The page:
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Scoff: A History of Food and Class in Britain by Pen Vogler

Scoff book cover

What is the essence of the book?

As a nation it is doubtful that many of us Brits pay much heed to the origins of our beloved dishes such as fish and chips and the full English breakfast let alone consider what social markers these foods are loaded with. But this state of affairs will change once you read Scoff: A History of Food and Class in Britain (Atlantic Books). Pen Vogler explores the social history of both old (think tripe) and ‘new’ (enter the avocado) eatables and what their consumption reveals about our class background (or at least our perceptions of it). Seven sections cover everything from how we take our meals to food fads. British culinary institutions like the Cornish pasty are dissected and some of the forgotten delectables from our past like Saloop are explored. With droll titles like ‘Fish knives: and other ways of being cutting’ it’s hard not to be captured by the opening words of each chapter that takes you on an invigorating ride through the ups and downs of British social culinary history.

About the author

Pen Vogler is the author of Dinner with Mr Darcy and Dinner with Dickens. She edited Penguin’s Great Food series, writes and reviews on food history for the press and has recreated recipes from the past for BBC Television.

Who will like it?

Food history buffs aside (it’s a given that you will love this book) Scoff will appeal to anyone with an interest in everyday life. There are a lot of historical references in the book but you don’t need to be on first name terms with Hannah Glasse, Robert May or their ilk to find this book fascinating. There are plenty of modern (and often very witty) anecdotes to keep you entertained. And if you happen to be an expert in the field of food history there is still plenty within its covers to pique your interest.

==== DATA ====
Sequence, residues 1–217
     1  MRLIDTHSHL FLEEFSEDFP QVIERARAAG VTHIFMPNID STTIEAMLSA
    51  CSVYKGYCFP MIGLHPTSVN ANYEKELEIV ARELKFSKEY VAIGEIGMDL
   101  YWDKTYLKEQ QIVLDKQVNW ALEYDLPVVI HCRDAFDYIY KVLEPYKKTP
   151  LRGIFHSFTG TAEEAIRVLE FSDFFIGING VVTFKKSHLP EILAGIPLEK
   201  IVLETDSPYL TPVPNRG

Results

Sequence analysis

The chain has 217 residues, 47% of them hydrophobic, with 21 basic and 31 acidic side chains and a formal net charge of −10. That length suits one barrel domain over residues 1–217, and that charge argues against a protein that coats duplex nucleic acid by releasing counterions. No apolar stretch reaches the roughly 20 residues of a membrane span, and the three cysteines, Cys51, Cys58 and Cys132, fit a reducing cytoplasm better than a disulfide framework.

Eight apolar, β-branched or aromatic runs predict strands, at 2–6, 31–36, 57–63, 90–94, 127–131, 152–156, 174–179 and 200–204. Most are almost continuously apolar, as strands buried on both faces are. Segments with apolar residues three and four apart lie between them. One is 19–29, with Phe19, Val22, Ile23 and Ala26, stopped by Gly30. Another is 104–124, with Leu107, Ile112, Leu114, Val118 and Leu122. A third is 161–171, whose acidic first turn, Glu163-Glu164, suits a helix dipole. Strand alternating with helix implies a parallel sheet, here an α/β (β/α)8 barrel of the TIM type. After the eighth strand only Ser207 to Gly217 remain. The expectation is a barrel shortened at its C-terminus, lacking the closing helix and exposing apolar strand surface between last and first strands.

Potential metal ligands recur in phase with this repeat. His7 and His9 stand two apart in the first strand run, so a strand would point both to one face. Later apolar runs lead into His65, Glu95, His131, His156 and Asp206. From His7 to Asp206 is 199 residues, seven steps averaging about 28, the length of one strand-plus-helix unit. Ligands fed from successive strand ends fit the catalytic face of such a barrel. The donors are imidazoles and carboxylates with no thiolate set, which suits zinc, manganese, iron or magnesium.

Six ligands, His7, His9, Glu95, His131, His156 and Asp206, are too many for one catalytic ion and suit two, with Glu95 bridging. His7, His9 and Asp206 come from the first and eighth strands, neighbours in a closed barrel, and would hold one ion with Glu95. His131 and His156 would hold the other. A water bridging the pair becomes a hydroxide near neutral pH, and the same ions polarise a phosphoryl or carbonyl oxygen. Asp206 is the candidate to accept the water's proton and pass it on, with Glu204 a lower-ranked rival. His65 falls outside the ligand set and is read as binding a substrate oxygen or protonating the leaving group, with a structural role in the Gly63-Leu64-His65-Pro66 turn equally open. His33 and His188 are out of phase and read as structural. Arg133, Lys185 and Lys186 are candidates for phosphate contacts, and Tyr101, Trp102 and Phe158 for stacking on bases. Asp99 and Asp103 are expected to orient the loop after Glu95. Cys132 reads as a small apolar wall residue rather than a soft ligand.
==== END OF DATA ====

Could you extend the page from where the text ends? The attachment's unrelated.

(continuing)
Who won’t like it?

On the other hand, you are someone who scoffs at the mere mention of the word class or who believes anything written on social (and especially class) history is purely aimed at those who want to better themselves then this isn’t going to be the book for you (although you’re unlikely to be reading this blog if that is the case).

What do I like about the book?

In terms of readability Scoff is more like a novel rather than the work of non fiction. That’s not to say it dumbs down or mocks any of the areas covered (it most certainly doesn’t do either of these things). The book has been painstakingly researched and is adroitly written. Only an author of Vogler’s caliber can segue so smoothly from tripe to venison. There are some neat nods to literature which I loved. Every reader should be able to relate to most of the subjects covered. Vogler delivers the facts as they are without any judgement attached. This is not a guide to ‘how to be more middle/working class’ and there is no wrap on the knuckles waiting for you should you disagree with some of the observations. Scoff is entertaining and thought provoking in equal measure – a thoroughly engaging read and one I couldn’t wait to return to after I had been forced to put it down (for the essentials like eating, toilet breaks, interacting with my family over the festive period etc…). It certainly made me reassess how I have viewed certain foods in the past. As Vogler aptly concludes:

‘We are, rightly, proud to be a culinary ‘melting pot’, but in reaching for the exotic, the international, the new, we risk overlooking or undervaluing what is under our noses.’

If any book can persuade you to re-evaluate the foods we take for granted in Britain then Scoff is it.

Would I cook from it?

This isn’t a cookbook but Vogler has modernised the old recipes for you to have a go should you wish to do so (the original source is also included for comparison, which is a lovely touch). The nettle soup is definitely on my list once the inclement weather has passed.

Where can you buy it?

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